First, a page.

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RE: Are we done with draft-hoffman-ftp-uri-02.txt?

From: Alun Jones <alunj@microsoft.com>
Date: Mon, 1 Nov 2004 09:07:23 -0800
Message-ID: <0966E90CB313084DA7A9C55799FDEFD203004836@RED-MSG-50.redmond.corp.microsoft.com>
To: "John Cowan" <jcowan@reutershealth.com>
Cc: <uri@w3.org>

> -----Original Message-----
> From: John Cowan [mailto:jcowan@reutershealth.com] 
> Alun Jones scripsit:
> > Did you check the commands going over the wire,
> No.  When I say "conformant", I mean that the results are conformant,
> not necessarily the method used.

The commands are important to check, too - as well as the behaviour of
the client under failure to find the file.  There are a couple of goals
we could have in this situation:

1. Find a 'best operation' and impose it on all - that's not exactly
friendly, but may be the best approach, since it is a purpose of RFCs to
standardise behaviour.  Unfortunately, many implementors have already
either ignored or poorly implemented the existing RFC, so this approach
may be doomed to a similar failure.

2. Find an approach that allows URLs to work on the majority of clients
- this would mean taking failover operation into account.  If the
majority of clients that use operation A first, and fail over to
operation B, while the majority of clients that use operation B fail to
fail over to anything, let alone A, it would make sense to set operation
B as the standard, as it would allow future URLs to work on the majority
of clients.

Goal 1 is likely to result in a lot of argument and no consensus.  Goal
2 may be more easily achievable, but requires observation of what a
client will do in the event that it cannot find the file using its first
method of access.

> Depending on the behavior, it will actually fetch one of two different
> files, locally known as /ftptest.txt and 
> /export/home/stamber/ftptest.txt.
> I urge people to try the URI, which I repeat here, with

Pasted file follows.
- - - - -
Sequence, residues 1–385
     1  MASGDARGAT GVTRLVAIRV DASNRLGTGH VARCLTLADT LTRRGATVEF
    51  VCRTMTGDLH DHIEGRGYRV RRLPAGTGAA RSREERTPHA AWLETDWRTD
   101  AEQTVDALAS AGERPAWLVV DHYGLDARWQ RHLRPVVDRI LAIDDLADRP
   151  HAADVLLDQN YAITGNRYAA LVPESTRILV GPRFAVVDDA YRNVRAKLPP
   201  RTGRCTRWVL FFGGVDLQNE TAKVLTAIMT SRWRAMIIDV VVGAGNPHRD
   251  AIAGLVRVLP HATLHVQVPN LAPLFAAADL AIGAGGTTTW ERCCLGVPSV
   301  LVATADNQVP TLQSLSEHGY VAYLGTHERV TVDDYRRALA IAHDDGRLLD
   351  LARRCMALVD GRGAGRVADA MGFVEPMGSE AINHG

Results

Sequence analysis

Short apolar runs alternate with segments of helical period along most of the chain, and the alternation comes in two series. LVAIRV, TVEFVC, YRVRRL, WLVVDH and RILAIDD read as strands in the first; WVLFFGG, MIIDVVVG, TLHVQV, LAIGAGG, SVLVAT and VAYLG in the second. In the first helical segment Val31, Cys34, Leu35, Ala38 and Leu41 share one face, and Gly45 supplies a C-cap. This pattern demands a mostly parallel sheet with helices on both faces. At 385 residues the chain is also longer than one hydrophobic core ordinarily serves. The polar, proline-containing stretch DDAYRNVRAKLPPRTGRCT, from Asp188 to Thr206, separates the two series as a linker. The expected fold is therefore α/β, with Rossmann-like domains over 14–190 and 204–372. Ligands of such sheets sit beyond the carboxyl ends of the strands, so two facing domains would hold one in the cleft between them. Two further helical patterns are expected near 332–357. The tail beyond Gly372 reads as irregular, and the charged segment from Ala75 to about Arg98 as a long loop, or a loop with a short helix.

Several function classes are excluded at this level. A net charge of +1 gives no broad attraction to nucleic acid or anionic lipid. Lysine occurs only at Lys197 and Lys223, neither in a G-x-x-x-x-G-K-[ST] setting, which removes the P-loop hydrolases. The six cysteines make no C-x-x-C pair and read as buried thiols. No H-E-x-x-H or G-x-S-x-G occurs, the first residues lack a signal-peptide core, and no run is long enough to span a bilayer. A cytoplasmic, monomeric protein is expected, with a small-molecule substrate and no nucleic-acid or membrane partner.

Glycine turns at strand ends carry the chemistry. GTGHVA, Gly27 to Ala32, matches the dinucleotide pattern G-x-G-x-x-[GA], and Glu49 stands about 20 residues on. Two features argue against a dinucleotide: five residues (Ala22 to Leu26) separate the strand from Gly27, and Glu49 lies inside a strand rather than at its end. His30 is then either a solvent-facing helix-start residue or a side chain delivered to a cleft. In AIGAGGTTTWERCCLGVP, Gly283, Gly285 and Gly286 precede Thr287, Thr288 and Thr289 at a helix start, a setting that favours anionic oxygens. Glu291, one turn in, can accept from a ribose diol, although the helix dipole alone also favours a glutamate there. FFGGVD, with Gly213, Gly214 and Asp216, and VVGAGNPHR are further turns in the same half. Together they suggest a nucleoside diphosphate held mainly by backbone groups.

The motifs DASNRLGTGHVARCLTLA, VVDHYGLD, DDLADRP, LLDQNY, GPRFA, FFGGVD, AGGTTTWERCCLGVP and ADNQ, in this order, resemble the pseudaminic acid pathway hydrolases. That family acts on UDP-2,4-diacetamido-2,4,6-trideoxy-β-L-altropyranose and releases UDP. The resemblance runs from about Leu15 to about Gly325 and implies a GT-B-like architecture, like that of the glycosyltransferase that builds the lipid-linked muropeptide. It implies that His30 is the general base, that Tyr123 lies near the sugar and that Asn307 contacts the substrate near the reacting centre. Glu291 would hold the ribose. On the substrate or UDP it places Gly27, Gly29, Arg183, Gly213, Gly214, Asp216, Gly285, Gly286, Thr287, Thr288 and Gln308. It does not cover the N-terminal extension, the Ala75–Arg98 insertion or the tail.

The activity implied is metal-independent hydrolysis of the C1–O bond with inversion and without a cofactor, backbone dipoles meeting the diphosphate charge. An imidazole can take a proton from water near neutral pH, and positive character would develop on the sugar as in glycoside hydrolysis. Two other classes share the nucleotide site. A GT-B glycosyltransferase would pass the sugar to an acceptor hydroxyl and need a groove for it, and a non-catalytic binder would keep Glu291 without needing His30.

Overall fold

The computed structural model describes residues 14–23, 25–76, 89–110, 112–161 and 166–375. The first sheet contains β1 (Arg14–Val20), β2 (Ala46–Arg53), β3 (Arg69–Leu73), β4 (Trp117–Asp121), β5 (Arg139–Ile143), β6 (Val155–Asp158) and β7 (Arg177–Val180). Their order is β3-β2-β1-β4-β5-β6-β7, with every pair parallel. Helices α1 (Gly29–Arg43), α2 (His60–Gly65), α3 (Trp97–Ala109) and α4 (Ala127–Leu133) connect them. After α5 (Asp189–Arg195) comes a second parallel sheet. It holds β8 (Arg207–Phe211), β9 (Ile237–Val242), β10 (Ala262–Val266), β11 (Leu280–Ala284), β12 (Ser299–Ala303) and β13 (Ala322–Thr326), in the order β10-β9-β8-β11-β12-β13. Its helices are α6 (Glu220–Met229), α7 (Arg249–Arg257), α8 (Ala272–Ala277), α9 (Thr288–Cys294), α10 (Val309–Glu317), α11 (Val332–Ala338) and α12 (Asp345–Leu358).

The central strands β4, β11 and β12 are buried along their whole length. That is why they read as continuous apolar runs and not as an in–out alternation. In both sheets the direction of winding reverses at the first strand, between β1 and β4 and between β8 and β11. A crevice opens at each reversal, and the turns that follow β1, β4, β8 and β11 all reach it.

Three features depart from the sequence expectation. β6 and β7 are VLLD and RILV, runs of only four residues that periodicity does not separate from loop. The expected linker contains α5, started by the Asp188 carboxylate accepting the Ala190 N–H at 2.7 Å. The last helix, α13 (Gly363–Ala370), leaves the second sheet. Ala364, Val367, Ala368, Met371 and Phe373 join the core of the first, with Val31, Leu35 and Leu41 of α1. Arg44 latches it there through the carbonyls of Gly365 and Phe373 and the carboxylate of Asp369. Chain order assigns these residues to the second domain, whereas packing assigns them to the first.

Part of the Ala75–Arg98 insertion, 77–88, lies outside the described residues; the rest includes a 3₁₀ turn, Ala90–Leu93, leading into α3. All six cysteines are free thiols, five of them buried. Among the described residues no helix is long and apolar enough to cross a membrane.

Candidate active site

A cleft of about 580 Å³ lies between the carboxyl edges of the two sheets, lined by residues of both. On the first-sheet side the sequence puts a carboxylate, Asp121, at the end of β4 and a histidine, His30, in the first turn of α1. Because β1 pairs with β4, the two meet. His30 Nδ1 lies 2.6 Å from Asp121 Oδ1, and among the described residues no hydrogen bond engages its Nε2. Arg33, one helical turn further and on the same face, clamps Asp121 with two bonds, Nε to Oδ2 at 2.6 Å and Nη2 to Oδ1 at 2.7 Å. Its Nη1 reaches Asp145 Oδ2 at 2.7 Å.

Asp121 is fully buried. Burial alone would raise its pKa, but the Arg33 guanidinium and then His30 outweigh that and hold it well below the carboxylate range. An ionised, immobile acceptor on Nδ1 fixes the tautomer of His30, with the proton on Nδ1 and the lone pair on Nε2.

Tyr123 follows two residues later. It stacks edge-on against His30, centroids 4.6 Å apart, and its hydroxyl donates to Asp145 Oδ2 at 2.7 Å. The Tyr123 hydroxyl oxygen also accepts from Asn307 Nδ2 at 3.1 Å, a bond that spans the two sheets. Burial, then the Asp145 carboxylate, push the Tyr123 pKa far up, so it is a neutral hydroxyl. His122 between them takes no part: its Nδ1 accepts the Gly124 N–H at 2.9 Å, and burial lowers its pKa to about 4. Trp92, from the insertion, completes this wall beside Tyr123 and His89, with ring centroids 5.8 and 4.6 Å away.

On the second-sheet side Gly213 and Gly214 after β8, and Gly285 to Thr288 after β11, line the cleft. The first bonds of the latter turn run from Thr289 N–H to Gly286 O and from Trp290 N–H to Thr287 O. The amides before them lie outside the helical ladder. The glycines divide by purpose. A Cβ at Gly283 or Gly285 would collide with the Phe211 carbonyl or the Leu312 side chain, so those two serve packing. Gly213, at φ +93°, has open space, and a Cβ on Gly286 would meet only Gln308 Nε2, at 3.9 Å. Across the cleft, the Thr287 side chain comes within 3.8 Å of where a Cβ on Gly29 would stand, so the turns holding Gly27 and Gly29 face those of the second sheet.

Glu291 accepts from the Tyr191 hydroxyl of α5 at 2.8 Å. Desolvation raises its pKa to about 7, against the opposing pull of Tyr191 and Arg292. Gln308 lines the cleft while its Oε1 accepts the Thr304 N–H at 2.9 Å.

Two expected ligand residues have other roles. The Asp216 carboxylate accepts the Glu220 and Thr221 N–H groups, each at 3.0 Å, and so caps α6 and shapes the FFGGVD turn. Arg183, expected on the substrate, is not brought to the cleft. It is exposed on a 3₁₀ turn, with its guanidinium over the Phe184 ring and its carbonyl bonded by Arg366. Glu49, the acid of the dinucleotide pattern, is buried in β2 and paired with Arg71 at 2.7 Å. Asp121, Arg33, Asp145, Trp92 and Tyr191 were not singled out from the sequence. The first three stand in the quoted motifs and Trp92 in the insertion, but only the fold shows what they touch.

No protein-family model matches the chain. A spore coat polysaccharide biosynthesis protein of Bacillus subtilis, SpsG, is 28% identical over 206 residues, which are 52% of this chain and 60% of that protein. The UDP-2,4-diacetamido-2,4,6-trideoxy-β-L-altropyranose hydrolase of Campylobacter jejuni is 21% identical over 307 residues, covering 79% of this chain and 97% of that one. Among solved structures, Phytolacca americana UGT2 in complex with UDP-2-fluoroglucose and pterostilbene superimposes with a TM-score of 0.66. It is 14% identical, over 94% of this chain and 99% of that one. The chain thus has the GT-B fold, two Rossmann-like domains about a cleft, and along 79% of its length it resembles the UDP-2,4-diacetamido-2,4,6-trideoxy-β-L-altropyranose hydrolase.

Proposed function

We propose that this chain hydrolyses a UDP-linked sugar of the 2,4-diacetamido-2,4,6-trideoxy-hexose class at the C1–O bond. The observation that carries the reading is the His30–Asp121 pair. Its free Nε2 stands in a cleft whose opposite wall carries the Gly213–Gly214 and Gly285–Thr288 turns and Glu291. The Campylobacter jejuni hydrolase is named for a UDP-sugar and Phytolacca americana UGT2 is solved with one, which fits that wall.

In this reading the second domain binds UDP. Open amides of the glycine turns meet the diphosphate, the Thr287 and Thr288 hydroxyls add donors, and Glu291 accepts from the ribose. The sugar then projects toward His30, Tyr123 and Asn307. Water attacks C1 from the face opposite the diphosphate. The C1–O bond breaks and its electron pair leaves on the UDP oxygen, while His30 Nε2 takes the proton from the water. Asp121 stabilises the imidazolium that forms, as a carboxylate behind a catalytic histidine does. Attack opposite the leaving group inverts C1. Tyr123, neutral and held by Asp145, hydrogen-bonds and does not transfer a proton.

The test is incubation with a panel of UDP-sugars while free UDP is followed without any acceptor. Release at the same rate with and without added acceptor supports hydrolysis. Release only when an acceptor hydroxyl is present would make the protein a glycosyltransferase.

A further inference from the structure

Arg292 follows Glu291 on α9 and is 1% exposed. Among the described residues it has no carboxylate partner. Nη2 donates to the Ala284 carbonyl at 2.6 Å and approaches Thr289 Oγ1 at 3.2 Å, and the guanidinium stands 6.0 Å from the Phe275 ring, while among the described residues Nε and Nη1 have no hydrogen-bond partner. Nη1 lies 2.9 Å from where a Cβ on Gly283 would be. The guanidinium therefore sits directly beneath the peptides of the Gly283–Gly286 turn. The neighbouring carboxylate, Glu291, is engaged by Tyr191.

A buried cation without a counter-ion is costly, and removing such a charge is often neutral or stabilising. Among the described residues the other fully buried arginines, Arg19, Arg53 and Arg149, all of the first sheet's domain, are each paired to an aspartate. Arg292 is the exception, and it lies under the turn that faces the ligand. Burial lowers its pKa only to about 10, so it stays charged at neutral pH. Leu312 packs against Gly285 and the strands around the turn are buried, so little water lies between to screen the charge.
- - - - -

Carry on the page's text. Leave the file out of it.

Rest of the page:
> various different
> tools: http://stamber:stamber@publish.reutershealth.com/ftptest.txt .

Interesting typo :-)

I'm inserting another copy of my previous test results, as it appears
from your comments that you're missing these:

IE 6 (Windows Server 2003 RTM) - "ftp://localhost/ie6/path"

CWD /ie6/
CWD /ie6/
CWD /ie6/path/
CWD /ie6/path/

Mozilla 1.7 - "ftp://localhost/mozilla1_7/path"

SIZE /mozilla1_7/path
MDTM /mozilla1_7/path
RETR /mozilla1_7/path
CWD /mozilla1_7/path

Firefox 1.0 preview - "ftp://localhost/firefox1_0p/path"

SIZE /firefox1_0p/path
MDTM /firefox1_0p/path
RETR /firefox1_0p/path
CWD /firefox1_0p/path

Netscape 7.2 - "ftp://localhost/netscape7_2/path"

SIZE /netscape7_2/path
MDTM /netscape7_2/path
RETR /netscape7_2/path
CWD /netscape7_2/path

Opera 7.54 - "ftp://localhost/opera7_54/path"

SIZE opera7_54/path
CWD opera7_54/path
SIZE opera7_54
CWD opera7_54

The "Firefox 1.0 preview" version above bills itself as version 0.10.1.
Obviously, that's the version I downloaded when I did the original

It now seems, from your results and mine combined, that the behaviour of
FTP implementations isn't as simple as choosing one or other behaviour -
that some implementations flip between one behaviour and another, based
on some internal logic (undocumented, as far as I can tell, without
looking at source code - which would be inappropriate for me to do).

It's possible that the Mozilla crew are taking one behaviour when the
user name is not supplied, and a different behaviour when it is.

> Well, FWIW, K-Meleon 0.8.2 (which is based on Mozilla 1.5) shows
> the same behavior as Firefox: conformant.  I don't know what versions
> of Netscape and Mozilla you were looking at.

Try your browsers with the URLs I was using - see if you can reproduce
my behaviour.  I can promise you that I was not inventing output!

> > This sucks for two groups of people:
> Exactly so.

I left out another group:

3. Those of us that care enough to see FTP continue its widespread use,
but are irritated that there doesn't seem to be a standard on how to
process URLs. :-)

I am the 'F' in "IIS".
Received on Monday, 1 November 2004 17:09:44 UTC

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